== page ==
Greetings, first, I'm totally new to python.
What I'm attempting to do is rebuild a clipped off sound wave.
As I've been poking around I've come across things like "cubic spline interpolation" (that sounds like what I need -- but really is way over my head)
I've come across other posts that I've gleaned some code from and have put together the following test program.
The data points are from a real (clean) wave cycle out of a sound file.
I'm then clipping a number of them to simulate a clipped wave.
The spline and interp1d routines do run, but output what I'm putting in.
So, looking for some experience/help/direction ... thanks
What I'd like to see are values similar to the original values I clipped.

#! python3.2
import sys
import os
import numpy as np
from struct import *
from scipy.interpolate import InterpolatedUnivariateSpline as spline
from scipy.interpolate import interp1d

wave = '''
728
2563
4520
6387
8044
9518
10874
12175
13418
14489
15259
15744
16005
16065
15963
15733
15400
14922
14251
13281
12007
10525
8927
7281
5609
3756
1712'''.strip().splitlines()
y_wavearray = np.array(wave,np.float64)
y_wavearray[14] = y_wavearray[13]           # clip top points
y_wavearray[15] = y_wavearray[14]
y_wavearray[16] = y_wavearray[15]
y_wavearray[17] = y_wavearray[16]
x_points = len(wave) +1
x_values = np.arange(1,x_points)
x_array = np.array(x_values,np.float64)
#cubic = spline(x_array, y_wavearray)
#for i in range(1,x_points):
#    print(i, wave[i-1], int(cubic(i) +.5))
cubic = interp1d(x_values, y_wavearray, kind='cubic')
for i in range(1,x_points):
    print(i, wave[i-1], int(cubic(i) +.5))

I think it works well. I changed the code to clip with np.clip() and plot the wave with matplotlib in ipython notebook (This was done with python 2). See the plot below

y_wavearray = np.array(wave,np.float64)
y_clipped = np.clip(y_wavearray, -np.inf, 15000)
x_points = len(wave) +1
x_values = np.arange(1,x_points)
x_array = np.array(x_values,np.float64)
cubic = interp1d(x_values, y_clipped, kind='cubic')
for i in range(1,x_points):
    print(i, wave[i-1], int(cubic(i) +.5))
import matplotlib.pyplot as plt
plt.plot(x_array, y_wavearray, '-')
plt.plot(x_array, cubic(x_array), '-r')

Edited 3 Years Ago by Gribouillis

Attachments clip.png 13.78 KB

Thanks Gribouillis, that's encouraging.
The plot indeed looks like what I'm after. (I can't get matplotlib working yet, due to (more) needed requirements)
The odd thing is, when I look at the print of the points plotted, I see the clipped values, yet the plot looks right. Am I doing something wrong in my display routine ? It's the values that I'll eventually need.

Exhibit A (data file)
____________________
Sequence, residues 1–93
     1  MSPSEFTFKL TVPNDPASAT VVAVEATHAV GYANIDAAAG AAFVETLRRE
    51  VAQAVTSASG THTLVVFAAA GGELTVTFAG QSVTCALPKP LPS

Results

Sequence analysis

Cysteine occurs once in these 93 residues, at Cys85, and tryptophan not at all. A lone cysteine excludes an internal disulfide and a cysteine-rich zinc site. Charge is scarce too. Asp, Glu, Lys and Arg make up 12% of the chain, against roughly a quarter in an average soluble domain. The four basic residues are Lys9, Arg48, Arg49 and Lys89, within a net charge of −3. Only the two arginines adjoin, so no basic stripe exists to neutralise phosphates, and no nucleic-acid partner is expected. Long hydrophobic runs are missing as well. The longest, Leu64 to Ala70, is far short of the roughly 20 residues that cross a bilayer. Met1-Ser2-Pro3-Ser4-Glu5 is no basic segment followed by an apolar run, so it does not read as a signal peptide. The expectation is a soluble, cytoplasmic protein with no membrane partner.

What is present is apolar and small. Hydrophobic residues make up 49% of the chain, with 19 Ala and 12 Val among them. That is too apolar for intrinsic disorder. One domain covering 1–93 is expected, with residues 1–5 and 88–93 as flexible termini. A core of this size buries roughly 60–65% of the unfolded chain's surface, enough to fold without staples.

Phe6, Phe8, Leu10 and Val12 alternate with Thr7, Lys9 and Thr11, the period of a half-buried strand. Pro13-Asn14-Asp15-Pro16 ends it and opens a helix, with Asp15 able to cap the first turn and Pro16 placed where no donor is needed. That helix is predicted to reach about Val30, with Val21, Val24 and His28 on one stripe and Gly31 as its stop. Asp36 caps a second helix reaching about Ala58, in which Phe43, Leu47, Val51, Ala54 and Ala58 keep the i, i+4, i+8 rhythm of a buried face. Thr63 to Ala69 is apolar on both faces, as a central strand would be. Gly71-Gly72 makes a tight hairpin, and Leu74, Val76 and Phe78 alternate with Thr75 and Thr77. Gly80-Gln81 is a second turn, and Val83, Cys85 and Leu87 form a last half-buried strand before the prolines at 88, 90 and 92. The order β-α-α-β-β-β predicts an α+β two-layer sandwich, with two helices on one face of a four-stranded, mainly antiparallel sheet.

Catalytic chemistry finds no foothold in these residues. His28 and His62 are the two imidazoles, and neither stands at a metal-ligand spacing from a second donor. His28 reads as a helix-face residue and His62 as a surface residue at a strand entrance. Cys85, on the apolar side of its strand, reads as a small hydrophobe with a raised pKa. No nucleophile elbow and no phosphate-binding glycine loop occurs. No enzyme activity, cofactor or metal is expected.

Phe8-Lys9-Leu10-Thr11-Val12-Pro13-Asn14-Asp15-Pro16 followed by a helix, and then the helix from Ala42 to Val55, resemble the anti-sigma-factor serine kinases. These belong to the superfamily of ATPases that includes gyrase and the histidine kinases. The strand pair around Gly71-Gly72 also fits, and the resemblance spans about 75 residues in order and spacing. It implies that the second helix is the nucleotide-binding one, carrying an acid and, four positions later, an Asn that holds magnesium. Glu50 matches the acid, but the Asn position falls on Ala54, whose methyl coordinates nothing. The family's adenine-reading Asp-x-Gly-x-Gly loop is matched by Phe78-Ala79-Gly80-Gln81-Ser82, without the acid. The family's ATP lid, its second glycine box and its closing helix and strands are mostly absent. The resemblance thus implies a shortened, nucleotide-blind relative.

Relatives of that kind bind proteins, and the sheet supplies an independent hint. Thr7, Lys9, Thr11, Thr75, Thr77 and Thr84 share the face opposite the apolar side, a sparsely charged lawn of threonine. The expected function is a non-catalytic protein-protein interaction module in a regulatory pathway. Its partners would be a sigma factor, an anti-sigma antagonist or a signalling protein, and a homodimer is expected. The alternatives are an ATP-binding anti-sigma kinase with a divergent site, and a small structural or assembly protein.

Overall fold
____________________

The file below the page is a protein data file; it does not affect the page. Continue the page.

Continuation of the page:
for i in range(1,x_points):
    print(i, wave[i-1], int(cubic(i) +.5))

Here is what I see: (around the clip point)

...
9 13418 13418
10 14489 14489
11 15259 15000
12 15744 15000
13 16005 15000
14 16065 15000
15 15963 15000
16 15733 15000
17 15400 15000
18 14922 14922
19 14251 14251
...

I think you may misunderstand what cubic spline interpolation does. Here is a simple example

def attempt():
    # create sample points
    yval = np.array("""0.5917094   0.79290593  0.6781099
            0.97628959  1.11981829  1.01055748 0.95120918
            """.strip().split(), np.float64)
    xval = np.arange(1, 1 + len(yval))

    # plot sample points as blue dots
    plt.plot(xval, yval, 'ob')

    # compute cubic interpolation
    cubic = interp1d(xval, yval, kind='cubic')

    # plot the interpolation with a refined x-grid
    a, b = xval[0], xval[-1]
    xrefined = np.linspace(a, b, 100)
    plt.plot(xrefined, cubic(xrefined), '-g')


script = __name__  == "__main__"
if script:
    attempt()

Interpolation defines a smooth function joining the data points. All the values on these points are preserved. For example if 5 consecutive points have value 15000, the interpolated function will be close to a constant in this interval.

Edited 3 Years Ago by Gribouillis

Attachments spline.png 11.09 KB

Thanks for the explanation and sample. I am still puzzled, however, in how does the plot software make the nice rounded curve if it's following the "flat" constant values ? is it doing something on it's own ?
Your example promted some thoughts that I have to play with too, thanks.

how does the plot software make the nice rounded curve if it's following the "flat" constant values ?

Think of 3 points in a plane. If they dont line up,there is exacly one circle passing through the 3 points. The circle is a example of a rounded curve following flat values. Interpolation does something similar with

  • A different kind of curve (piecewise polynomial instead of circle)
  • Different conditions (passing through all the points and having continuous derivatives, instead of only passing through 3 points)

The conditions are chosen so that exactly one curve of the chosen type satisfies these conditions.

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